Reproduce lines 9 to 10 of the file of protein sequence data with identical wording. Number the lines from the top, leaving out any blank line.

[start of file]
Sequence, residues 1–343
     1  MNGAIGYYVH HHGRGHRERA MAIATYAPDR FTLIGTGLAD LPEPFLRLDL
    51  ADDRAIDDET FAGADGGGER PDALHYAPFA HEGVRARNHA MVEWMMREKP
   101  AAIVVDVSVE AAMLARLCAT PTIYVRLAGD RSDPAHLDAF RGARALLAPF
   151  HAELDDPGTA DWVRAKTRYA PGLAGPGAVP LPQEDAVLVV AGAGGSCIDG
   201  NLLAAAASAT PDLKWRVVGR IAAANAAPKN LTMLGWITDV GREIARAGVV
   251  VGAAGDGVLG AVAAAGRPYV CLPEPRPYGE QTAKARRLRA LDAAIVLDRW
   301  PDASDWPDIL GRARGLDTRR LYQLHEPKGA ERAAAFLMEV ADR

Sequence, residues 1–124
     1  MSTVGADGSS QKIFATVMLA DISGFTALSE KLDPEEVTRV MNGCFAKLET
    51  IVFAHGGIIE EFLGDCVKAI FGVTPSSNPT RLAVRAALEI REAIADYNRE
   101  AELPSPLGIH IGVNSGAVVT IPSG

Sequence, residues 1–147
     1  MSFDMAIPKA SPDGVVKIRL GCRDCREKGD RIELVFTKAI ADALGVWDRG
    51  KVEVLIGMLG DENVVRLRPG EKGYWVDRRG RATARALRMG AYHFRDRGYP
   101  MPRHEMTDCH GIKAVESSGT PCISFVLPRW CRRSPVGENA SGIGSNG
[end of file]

Sequence, residues 1–124
     1  MSTVGADGSS QKIFATVMLA DISGFTALSE KLDPEEVTRV MNGCFAKLET